The Impact of News Sport on Society
News Sport, from an easy definition, is any kind of sport informally reported either by the media or various news media about events taking place in the real world as well as those taking place in the world of sports. In America, the word sport is used to describe any informal sporting activity. This includes baseball, basketball, football, hockey, golf and boxing.
As regards formal sport, it covers organized competition, like the Olympic Games. It also takes the form of Olympic qualification matches. Competitions are organized by country and then by sports. For instance, track and field is a form of Olympic sport but the events at the Olympics are divided between the different sports disciplines. The football and baseball championships, which began as exhibition events, later became major international events.
In United States, news sport has emerged as a niche market. It covers anything which the mass media feel is important and relevant to the American people. Sports writers and correspondents are usually paid for any story they report. Sports bars, which are privately owned enterprises, often organize news sport events, like sports clinics, competitions, races and news coverage.
The scope and impact of news sport varies greatly. Some serious players in professional sport, like boxing’s Muhammad Ali, are respected public personalities. However, many other ordinary people, such as baseball’s rookie sensation Alex Rodriguez, are lampooned in the popular press and on late night television. This is sometimes due to a perceived similarity to the athlete ( Ali was once a devout Islam follower) or to the event(s) being publicized (i.e. steroids were in fashion when Rodriguez was suspended for his involvement in the infamous steroid use case of the mid 1990s).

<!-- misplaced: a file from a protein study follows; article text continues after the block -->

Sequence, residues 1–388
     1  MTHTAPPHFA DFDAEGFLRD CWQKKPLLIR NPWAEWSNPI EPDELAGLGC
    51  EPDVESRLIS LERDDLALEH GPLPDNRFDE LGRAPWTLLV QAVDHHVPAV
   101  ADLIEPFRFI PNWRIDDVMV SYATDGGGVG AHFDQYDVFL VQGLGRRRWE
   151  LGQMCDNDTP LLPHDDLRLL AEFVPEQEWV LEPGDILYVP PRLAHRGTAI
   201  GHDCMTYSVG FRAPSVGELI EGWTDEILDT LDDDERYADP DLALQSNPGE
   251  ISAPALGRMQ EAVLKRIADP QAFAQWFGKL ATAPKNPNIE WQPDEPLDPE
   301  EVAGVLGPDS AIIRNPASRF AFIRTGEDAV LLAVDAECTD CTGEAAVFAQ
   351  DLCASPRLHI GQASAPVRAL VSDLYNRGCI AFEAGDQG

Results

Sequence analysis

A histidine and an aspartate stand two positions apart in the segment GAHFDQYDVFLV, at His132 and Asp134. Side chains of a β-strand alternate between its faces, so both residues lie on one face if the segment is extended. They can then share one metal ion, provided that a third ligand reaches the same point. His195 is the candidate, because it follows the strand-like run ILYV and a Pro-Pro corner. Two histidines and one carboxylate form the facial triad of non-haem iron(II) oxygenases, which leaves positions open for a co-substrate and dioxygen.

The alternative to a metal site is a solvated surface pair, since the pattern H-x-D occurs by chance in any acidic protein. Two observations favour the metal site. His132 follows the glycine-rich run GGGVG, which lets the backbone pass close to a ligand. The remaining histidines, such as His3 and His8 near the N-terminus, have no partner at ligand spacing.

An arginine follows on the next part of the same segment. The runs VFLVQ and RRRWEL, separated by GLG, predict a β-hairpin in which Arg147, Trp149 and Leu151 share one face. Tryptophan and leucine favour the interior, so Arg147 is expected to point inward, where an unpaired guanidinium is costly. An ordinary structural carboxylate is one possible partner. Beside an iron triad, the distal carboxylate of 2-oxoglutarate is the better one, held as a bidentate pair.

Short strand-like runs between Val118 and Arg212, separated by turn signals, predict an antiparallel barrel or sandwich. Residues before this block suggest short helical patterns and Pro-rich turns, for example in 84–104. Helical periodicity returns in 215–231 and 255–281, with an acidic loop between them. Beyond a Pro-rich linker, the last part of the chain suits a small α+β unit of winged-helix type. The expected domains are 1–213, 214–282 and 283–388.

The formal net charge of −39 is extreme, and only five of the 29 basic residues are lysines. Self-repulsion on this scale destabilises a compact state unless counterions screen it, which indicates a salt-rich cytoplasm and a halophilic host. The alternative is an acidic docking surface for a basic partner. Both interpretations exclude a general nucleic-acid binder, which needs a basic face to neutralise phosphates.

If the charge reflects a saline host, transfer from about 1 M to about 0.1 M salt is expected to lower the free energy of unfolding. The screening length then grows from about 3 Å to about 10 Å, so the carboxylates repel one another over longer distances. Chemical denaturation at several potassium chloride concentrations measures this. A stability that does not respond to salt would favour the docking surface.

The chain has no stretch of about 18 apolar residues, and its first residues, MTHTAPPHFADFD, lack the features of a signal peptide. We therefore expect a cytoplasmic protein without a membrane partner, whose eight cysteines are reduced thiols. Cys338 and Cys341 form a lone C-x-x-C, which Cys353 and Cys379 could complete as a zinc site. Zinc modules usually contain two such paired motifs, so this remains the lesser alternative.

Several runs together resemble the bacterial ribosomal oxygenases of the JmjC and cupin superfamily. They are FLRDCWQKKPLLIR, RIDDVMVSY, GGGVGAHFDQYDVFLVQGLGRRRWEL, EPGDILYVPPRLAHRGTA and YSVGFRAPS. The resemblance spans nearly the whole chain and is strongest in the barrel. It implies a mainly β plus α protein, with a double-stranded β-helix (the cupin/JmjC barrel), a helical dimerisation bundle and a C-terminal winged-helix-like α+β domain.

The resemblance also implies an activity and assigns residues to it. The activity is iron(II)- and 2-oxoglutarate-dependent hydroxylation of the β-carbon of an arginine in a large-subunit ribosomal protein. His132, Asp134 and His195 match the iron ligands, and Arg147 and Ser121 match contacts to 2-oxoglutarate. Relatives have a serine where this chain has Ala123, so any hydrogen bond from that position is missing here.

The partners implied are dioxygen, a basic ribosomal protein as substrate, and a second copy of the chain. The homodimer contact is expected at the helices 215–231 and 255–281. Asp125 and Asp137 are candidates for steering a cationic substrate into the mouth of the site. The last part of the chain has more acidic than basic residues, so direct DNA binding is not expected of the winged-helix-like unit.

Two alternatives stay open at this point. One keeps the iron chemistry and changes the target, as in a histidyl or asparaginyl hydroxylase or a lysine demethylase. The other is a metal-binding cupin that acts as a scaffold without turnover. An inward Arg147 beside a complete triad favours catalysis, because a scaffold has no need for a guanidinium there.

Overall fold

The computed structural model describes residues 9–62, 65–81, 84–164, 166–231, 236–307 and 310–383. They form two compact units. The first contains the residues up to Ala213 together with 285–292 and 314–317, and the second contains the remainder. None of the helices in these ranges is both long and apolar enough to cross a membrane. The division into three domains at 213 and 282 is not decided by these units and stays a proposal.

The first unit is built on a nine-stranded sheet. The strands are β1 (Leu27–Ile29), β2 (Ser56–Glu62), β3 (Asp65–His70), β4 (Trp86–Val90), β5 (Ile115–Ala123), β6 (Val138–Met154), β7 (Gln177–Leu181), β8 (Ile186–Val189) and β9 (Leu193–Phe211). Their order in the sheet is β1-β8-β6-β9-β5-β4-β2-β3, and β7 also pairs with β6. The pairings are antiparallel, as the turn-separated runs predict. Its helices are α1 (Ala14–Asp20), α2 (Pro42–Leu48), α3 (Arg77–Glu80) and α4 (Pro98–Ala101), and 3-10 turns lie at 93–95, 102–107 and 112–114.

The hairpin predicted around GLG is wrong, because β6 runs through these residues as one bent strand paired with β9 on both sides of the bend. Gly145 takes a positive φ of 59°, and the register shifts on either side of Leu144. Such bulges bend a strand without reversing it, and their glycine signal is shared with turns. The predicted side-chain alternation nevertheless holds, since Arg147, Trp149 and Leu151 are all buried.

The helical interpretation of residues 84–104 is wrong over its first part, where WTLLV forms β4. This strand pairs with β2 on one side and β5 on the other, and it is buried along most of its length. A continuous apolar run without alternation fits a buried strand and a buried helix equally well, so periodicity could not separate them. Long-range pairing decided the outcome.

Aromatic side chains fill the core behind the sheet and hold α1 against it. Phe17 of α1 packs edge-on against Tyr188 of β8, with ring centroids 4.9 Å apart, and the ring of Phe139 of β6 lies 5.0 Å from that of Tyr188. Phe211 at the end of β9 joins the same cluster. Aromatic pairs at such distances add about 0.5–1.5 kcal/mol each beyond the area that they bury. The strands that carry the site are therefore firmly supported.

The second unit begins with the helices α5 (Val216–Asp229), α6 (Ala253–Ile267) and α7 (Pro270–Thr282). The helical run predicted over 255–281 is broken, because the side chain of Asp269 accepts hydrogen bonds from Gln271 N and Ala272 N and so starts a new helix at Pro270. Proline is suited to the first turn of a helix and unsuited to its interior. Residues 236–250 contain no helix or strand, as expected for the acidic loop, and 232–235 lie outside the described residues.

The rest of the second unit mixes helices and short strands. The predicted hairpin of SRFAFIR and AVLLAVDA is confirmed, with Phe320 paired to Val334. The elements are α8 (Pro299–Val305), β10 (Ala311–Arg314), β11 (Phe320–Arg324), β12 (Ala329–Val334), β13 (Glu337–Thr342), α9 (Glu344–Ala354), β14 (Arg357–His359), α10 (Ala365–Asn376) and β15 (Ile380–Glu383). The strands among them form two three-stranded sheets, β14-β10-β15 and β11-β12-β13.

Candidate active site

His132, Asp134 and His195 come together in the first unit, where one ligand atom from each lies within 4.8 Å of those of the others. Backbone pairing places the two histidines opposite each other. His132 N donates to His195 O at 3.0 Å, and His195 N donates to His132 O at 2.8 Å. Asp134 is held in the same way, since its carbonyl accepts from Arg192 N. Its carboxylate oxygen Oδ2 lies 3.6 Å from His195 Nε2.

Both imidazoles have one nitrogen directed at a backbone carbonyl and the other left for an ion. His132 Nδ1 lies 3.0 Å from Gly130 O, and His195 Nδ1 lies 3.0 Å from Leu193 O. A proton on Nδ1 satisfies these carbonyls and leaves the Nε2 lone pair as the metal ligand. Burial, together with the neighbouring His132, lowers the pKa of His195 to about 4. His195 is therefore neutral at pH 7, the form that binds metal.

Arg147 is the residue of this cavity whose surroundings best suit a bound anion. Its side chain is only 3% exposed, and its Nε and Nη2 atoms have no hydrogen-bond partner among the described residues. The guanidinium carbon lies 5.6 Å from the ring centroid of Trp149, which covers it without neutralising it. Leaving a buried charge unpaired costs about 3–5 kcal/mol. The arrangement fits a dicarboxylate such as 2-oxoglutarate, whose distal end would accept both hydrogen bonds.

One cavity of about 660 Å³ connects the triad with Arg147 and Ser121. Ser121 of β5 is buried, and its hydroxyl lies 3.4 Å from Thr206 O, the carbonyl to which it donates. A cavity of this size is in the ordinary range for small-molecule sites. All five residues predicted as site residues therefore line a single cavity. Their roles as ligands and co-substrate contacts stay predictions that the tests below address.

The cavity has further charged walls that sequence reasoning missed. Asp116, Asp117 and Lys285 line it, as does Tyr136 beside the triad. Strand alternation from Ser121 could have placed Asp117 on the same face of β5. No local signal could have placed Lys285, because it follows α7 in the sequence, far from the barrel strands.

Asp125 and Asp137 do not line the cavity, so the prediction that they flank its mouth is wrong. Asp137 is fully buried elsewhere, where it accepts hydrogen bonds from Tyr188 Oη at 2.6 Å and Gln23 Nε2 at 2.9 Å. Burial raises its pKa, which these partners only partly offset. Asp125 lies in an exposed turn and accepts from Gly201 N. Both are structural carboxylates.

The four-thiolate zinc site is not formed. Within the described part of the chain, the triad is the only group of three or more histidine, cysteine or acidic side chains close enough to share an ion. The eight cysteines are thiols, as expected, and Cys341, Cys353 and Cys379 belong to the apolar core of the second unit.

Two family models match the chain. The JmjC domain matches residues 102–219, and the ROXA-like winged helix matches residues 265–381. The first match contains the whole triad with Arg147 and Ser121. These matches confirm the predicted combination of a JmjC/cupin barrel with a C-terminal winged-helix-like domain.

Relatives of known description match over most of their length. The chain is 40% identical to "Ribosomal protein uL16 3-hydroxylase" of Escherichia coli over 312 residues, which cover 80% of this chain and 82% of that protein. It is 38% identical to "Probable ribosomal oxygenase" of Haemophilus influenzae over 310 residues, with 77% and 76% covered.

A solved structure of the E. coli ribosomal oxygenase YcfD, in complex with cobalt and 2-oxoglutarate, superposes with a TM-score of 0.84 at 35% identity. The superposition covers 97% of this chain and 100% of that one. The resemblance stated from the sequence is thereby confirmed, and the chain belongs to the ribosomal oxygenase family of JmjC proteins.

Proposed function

Many Americans who have become more interested in news sport over the past few years have noticed how it influences the way they behave. For example, during the recent NFL draft, which featured several star athletes, many Americans chose to boycott the event and boycotted the proceedings. This affected the NFL’s ratings, as well as its commercial revenue. This can be compared to the huge audience that was alienated during the Iraq war because of its portrayal as an unnecessary war.
The interesting thing is that people who feel strongly about a topic or event will usually use their leverage, i.e. their money, to make their point. This may not be fair, but at least it demonstrates the power of money in our society. It also shows that even if the news is completely wrong, a sizable portion of the population will still react emotionally based upon their basic instinct to be a “good sport.”